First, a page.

Baton Rouge Saltwater Intrusion Study
Project Sponsors: Louisiana Board of Regents-ITRS, Capital Area Ground Water Conservation Commission of Louisiana, Exxon Mobil, Georgia-Pacific Corporation, U.S. Geological Survey, Charles Lamar Family Foundation
Principal Investigator: Frank Tsai (LSU)
Graduate Student: Jina Yin
Award Length: 2015-2018 (BoR-ITRS, CAGWCC, Industries), 2018-2019 (CLFF), 2018-2019 (USGS-104B)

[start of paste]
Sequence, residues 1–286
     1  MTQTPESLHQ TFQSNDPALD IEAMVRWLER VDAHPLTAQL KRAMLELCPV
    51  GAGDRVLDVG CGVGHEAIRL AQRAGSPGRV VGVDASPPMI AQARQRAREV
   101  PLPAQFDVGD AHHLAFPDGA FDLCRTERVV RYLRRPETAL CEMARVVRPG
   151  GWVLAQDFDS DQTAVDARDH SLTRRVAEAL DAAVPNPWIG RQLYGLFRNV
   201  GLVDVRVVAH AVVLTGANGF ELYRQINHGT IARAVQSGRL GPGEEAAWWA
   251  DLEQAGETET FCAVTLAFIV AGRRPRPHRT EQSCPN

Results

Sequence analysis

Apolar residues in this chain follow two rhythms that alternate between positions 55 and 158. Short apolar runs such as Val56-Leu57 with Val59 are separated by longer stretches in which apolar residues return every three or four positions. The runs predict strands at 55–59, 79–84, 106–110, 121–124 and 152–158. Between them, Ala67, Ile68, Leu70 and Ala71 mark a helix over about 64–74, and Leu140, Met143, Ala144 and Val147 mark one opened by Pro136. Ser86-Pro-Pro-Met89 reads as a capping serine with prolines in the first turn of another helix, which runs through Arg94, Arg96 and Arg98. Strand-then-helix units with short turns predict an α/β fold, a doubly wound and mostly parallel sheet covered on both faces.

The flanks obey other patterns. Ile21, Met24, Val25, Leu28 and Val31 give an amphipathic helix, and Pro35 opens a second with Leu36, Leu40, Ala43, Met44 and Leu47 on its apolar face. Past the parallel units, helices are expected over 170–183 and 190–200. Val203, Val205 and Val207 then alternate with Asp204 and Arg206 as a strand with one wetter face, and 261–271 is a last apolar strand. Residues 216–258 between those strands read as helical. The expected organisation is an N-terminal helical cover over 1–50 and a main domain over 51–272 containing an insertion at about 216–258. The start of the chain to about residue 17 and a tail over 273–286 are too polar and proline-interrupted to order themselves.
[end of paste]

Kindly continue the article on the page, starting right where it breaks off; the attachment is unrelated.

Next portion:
Project Summary: Groundwater system beneath the Baton Rouge area provides steady supply of affordable and clean fresh water to the public, agricultural, and industrial demands. However, excessive pumping in the past decades has caused the groundwater storage to decline, water quality to degrade, and saltwater encroachment to worsen. Thus a reliable groundwater flow and solute transport model is needed to promote sustainable usage of groundwater resources, and to come up proper aquifer management and remediation strategies. In my study, a 3-D groundwater model, with well-characterized subsurface environment and consideration of uncertainty, has been constructed to serve the goals of: (1) predicting salinity transport in the Baton Rouge aquifer system; (2) evaluating different conjunctive hydraulic control approaches for groundwater management and aquifer remediation; (3) developing reliable and robust simulation-optimization frameworks for saltwater intrusion mitigation design. The study firstly simulates solute transport and conducts water budget analysis to understand how groundwater withdrawal affects salinity transport. Then the study proposes several hydraulic control approaches to manage the multi-aquifer system in Baton Rouge. Finally, different optimization models, including deterministic and stochastic models, are formulated to obtain reliable management strategies. During the study, we realize that using physically-based simulation model to optimize aquifer remediation strategies over the complicated groundwater system is very computationally costly and even impossible sometimes. To overcome this obstacle, response surface surrogate models and machine learning models were developed to improve computational efficiency. At the same time, ensemble surrogates were built using Bayesian model averaging method and Bayesian set pair analysis to quantify uncertainty involved in the prediction of salinity. According to the study: (1) conjunctive use of hydraulic control approaches can effectively mitigate saltwater intrusion problem; (2) surrogate models show strong predictive capability and efficiency in groundwater remediation design; (3) ensemble-surrogate-assisted optimization approach is robust and provide more-reliable groundwater management strategies comparing to single-surrogate-based model.